I think movies in general should have more respect for the audience than they do. Too many films are afraid to confuse people, so all the information is given to them right away, and there's nothing left for the film to do. It ruins many stories, because everything becomes obvious and predictable. I want my films to engage people more and make them more actively involved in the story.
The way America sees Mexico, if they have any sense of it, is like Taco Bell. Our countries are neighbors, and the only hard food to get in America is true Mexican. It's impossible to find, even in L.A. Why is that?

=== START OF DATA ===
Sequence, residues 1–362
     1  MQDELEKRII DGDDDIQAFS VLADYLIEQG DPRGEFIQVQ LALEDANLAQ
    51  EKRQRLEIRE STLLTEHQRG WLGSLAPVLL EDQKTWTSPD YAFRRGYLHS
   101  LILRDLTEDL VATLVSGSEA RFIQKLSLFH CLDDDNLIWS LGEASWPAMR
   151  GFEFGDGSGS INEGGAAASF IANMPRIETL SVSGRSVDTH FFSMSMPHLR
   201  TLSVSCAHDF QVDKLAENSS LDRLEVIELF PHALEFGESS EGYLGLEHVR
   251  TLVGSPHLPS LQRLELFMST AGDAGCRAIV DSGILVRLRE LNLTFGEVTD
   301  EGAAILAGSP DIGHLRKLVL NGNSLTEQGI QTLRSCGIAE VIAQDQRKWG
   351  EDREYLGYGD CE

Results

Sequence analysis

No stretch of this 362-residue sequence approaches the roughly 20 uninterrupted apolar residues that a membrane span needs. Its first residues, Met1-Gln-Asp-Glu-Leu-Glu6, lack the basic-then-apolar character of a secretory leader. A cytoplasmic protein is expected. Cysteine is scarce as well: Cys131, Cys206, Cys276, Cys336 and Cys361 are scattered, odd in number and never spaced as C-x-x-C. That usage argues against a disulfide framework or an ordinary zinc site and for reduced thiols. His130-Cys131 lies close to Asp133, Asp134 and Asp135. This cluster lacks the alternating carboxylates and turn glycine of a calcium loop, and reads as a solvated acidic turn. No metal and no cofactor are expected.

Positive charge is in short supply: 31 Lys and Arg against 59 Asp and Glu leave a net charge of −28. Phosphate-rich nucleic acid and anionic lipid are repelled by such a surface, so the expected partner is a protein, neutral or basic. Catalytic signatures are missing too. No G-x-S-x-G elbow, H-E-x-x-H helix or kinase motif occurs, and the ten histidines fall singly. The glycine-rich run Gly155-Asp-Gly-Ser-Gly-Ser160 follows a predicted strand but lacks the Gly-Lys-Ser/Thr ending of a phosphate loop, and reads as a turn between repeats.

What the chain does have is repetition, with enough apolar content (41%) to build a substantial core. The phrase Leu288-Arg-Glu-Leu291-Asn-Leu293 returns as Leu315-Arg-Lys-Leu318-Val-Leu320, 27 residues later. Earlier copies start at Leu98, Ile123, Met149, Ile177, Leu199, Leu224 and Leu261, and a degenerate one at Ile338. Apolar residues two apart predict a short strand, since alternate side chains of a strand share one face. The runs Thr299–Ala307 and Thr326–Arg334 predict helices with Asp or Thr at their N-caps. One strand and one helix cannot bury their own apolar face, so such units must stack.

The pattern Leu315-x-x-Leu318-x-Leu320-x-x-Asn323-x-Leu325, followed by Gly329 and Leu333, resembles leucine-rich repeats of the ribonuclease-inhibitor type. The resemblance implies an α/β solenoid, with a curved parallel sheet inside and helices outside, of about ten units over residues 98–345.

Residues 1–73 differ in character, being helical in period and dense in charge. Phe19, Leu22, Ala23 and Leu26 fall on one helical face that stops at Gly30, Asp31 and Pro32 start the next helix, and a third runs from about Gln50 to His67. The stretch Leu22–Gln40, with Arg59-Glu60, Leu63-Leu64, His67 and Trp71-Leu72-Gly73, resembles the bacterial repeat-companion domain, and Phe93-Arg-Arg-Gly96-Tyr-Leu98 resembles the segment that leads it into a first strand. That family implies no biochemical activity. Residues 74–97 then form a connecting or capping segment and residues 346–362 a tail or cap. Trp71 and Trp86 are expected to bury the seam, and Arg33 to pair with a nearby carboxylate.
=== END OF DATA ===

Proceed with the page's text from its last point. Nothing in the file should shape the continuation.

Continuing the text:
Mexico City is very different now than when I grew up, but I was in the streets all the time - though I was born to a middle-class neighborhood where there weren't a lot of gangs and things. I was always comfortable.
In the creative process, my ego has always been a huge tyrant ... a dictator and kind of rude and very misleading, because sometimes when I'm doing something, I say, "This is great! This is fantastic! Very genius!" And 20 minutes later, I feel like a dead jellyfish. "You are a stupid a**hole. This is a piece of sh*t. Nobody will care about it."
There's nothing better than being in a film that translates to audiences and makes people think and feel good and walk away with great revelations in their own life of some kind. But when the process and the experience and the fun of that matches, it's a good feeling.